Quantitative approaches for the evaluation of implementation research studies
Original Bibliographic Citation:
Justin D. Smith and Mohamed Hasan, Psychiatry Research, https://doi.org/10.1016/j.psychres.2019.112521
Implementation research necessitates a shift from clinical trial methods in both the conduct of the study and in the way that it is evaluated given the focus on the impact of implementation strategies. That is, the methods or techniques to support the adoption and delivery of a clinical or preventive intervention, program, or policy. As strategies target one or more levels within the service delivery system, evaluating their impact needs to follow suit. This article discusses the methods and practices involved in quantitative evaluations of implementation research studies. We focus on evaluation methods that characterize and quantify the overall impacts of an implementation strategy on various outcomes. This article discusses available measurement methods for common quantitative implementation outcomes involved in such an evaluationadoption, fidelity, implementation cost, reach, and sustainmentand the sources of such data for these metrics using established taxonomies and frameworks. Last, we present an example of a quantitative evaluation from an ongoing randomized rollout implementation trial of the Collaborative Care Model for depression management in a large primary healthcare system.
Disaster and Mass Casualty Incident Responses by Intensive Care Units: A Scoping Review Protocol
An a priori scoping review protocol submission to the Northwestern DigitalHub (an institutional repository for the research and scholarly output of Northwestern Medicine) following Preferred Reporting Items for Systematic Review and Meta-analysis Protocols.
Critical care has displayed an interest in the field of disaster and mass casualty incident response (2). A disaster refers to a man-made or natural event requiring resources from outside a local community to return to pre-event status (3). An incident occurs secondary to similar hazards, requiring an emergency response to protect life, however, may not require resources from outside a local community (4). A mass casualty incident focuses on healthcare system capacity, where casualties rapidly exceed capabilities (5). Here we focus on the timeframe of acute response by intensive care units (ICUs) themselves: a relief phase - where lifesaving and mitigation efforts dominate - and a subsequent recovery phase - where efforts return systems to pre-event status. Significant infrastructure, personnel and equipment resources are required to operate ICUs (6). Disasters and mass casualty incidents are known to result in an influx of critically ill patients (2). Thus, ICU populations must be thought of as especially at risk.Yet, there remains a paucity of well-compiled data from the front-lines of ICU response initiatives, hampering evidence-based guideline production (2). Disaster research theory, though, is well-established (3). Categorical, continuous, or even narrative data reported by responders in the midst of response initiatives represent evidence (7). It is possible that through initial publication and valuating of such reports, we may illuminate intervention effects, variation in experience and practice, and identify gaps and inconsistencies in the literature.The purpose of this scoping review will be to compile and analyze ICU disaster and mass casualty incident response experiences. We intend to characterize ICU experiences - reported by ICUs themselves - to organize quantitative and qualitative data. Quantitative data, in the form of categorical and continuous items reported, will be assessed. Qualitative analyses will be undertaken through narrative inquiry of anecdotes. Outcomes of interest include identification of trends, analyses of existing reports for consistency, typical experience strengths or weaknesses, lessons learned, and best practices. This scoping review represents the first published data compilation and analysis of ICU disaster and mass casualty incident response initiatives.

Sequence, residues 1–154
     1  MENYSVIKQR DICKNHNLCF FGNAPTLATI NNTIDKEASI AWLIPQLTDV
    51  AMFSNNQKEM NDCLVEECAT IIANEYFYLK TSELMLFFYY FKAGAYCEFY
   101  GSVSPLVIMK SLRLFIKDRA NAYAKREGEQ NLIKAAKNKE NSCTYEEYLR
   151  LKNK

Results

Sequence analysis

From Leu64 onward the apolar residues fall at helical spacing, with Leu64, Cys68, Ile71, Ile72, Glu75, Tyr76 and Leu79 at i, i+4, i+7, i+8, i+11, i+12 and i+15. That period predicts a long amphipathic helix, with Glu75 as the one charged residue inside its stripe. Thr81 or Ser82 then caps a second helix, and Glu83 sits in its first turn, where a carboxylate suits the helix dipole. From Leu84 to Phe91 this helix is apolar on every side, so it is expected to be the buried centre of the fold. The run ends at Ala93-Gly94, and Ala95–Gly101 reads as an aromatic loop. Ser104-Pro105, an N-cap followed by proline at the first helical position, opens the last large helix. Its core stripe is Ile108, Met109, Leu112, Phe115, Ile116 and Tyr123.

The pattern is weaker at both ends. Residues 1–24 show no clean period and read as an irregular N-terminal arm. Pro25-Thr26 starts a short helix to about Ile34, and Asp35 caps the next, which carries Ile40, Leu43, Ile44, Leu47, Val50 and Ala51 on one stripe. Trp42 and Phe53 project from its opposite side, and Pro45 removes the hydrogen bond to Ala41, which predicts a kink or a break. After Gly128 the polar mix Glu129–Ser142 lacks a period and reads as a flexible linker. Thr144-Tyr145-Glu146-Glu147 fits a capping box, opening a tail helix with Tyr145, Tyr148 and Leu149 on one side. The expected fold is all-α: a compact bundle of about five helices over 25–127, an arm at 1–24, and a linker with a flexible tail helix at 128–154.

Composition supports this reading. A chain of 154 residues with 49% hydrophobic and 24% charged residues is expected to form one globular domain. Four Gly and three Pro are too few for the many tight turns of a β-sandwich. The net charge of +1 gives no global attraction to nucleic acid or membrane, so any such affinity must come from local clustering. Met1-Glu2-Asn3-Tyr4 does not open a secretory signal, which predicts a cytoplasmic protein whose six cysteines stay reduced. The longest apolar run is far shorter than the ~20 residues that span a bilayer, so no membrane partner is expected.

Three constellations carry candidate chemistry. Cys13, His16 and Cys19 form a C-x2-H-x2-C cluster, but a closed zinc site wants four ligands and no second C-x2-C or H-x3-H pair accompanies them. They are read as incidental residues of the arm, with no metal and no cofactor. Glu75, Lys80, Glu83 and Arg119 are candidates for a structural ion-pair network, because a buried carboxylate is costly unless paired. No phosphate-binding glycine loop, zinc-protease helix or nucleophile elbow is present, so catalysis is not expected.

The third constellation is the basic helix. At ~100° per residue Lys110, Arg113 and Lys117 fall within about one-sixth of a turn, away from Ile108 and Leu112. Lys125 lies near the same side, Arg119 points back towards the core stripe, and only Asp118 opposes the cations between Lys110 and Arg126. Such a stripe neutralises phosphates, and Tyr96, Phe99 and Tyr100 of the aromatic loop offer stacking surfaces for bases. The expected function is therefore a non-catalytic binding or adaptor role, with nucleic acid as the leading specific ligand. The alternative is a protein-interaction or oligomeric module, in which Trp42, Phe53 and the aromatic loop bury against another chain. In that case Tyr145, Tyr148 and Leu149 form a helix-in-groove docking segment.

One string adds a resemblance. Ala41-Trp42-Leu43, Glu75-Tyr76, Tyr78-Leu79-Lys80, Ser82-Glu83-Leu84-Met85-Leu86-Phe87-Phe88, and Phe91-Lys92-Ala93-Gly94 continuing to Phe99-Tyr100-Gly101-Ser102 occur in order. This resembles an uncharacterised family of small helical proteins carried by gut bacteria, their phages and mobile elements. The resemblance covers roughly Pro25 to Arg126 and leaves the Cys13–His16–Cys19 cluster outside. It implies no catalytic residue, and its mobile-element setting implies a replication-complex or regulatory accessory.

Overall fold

Disaster, Mass casualty, Incident, Critical care, Intensive care unit, Response
Mass Casualty Incidents, Intensive Care Units, Critical Care
Moffet, Eric Warren
Wescott, Annie B
DigitalHub. Galter Health Sciences Library & Learning Center
An umbrella review comparing computer-assisted and conventional total joint arthroplasty: quality assessment and summary of evidence
Original Bibliographic Citation:
Hasan MM, Zhang M, Beal M, et al. An umbrella review comparing computer-assisted and conventional total joint arthroplasty: quality assessment and summaryof evidence. BMJ Surg Interv Health Technologies2020;2:e000016. doi:10.1136/bmjsit-2019-000016